Aster alpinus
Common Name: Alpine aster
Type: Herbaceous perennial
Family: Asteraceae
Native Range: Europe, North America, Asia
Zone: 5 to 7
Height: 0.50 to 1.00 feet
Spread: 0.50 to 1.00 feet
Bloom Time: May to June
Bloom Description: Blue-violet rays with yellow centers
Sun: Full sun
Water: Medium
Maintenance: Low
Flower: Showy
Attracts: Butterflies
Tolerate: Drought, Shallow-Rocky Soil

Culture

Grow in moderately fertile, medium moisture, well-drained soils in full sun. Tolerates light shade. Good air circulation helps reduce incidence of foliar diseases. This aster likes cool summer temperatures, and may struggle in the hot and humid St. Louis climate.

Noteworthy Characteristics

Aster alpinus, commonly called alpine aster, is native to the mountains of Europe, including the Alps and Pyrenees. It typically grows in a slowly-spreading clump to 8-12" tall. Daisy-like asters (to 1" diameter) featuring blue-violet rays and yellow centers bloom in May-June. Flowers are usually solitary, appearing at the ends of slender stems. Untoothed, lanceolate-spatulate, dark green leaves (to 2” long) are mostly basal. Flowers are attractive to butterflies. Aster alpinus var. vierhapperi, commonly called Vierhapper's aster, is native to the Altai Mountains in central Asia (primary range) plus Alaska and northwestern Canada, with several small disjunct populations in Idaho, Colorado and Wyoming.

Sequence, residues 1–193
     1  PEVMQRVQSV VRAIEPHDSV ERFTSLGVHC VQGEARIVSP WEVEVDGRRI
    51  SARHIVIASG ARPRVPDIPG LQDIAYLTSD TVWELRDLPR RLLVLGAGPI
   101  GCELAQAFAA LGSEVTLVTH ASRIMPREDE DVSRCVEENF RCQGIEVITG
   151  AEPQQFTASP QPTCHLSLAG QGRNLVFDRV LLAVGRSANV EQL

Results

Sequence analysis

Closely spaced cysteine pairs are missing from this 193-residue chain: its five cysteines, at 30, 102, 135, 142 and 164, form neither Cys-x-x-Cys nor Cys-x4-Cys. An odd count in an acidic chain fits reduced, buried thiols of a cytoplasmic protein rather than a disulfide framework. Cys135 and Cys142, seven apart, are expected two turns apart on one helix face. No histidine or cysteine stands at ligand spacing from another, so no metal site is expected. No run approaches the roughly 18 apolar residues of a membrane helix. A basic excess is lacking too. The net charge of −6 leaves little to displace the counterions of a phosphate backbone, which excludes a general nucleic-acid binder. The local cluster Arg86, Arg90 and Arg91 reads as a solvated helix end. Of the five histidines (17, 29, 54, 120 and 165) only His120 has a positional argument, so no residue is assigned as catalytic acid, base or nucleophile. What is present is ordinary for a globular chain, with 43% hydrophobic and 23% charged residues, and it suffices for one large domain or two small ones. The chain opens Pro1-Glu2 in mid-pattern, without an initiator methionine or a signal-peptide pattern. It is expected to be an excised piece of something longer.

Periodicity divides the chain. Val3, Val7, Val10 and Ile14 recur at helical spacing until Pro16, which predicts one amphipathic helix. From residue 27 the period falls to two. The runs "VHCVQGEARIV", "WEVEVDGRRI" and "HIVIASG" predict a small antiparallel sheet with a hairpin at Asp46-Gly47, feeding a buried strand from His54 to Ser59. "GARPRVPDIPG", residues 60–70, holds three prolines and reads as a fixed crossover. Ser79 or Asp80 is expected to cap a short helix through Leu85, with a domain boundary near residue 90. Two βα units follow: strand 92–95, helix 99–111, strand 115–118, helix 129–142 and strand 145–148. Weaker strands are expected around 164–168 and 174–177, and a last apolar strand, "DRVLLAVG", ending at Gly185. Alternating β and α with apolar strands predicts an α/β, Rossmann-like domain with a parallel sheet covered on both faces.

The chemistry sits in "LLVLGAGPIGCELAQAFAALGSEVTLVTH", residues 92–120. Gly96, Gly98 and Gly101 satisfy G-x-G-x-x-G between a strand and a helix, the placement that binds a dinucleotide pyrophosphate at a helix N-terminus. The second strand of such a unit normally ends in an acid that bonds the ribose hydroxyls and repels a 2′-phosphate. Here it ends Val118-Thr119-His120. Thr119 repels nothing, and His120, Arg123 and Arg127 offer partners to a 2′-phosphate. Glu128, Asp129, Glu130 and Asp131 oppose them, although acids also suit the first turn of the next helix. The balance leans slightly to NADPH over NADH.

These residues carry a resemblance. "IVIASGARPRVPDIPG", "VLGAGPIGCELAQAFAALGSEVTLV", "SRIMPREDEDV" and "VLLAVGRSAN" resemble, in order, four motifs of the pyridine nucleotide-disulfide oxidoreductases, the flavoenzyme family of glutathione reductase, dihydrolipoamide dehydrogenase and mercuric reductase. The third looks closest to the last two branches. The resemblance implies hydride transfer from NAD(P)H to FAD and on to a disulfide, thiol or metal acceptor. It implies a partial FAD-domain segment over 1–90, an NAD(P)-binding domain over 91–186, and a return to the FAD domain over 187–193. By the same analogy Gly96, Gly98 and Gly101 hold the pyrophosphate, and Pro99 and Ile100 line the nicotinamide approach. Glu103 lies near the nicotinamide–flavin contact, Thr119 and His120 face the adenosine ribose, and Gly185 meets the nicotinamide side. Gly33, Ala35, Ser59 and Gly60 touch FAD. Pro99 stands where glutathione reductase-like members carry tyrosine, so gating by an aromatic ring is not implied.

Genus name comes from the Latin word aster meaning star for the shape of the flowers.

Specific epithet means alpine; from high mountains above the timber line.

Problems

No known serious insect or disease problems. Asters generally have some susceptibility to powdery mildew. Aster wilt can also be an occasional problem, particularly if plants are grown in poorly-drained clay soils. Watch for slugs and snails.

Garden Uses

This aster is native to rocky soils and will do well in similar soils in sunny areas of rock gardens or border fronts.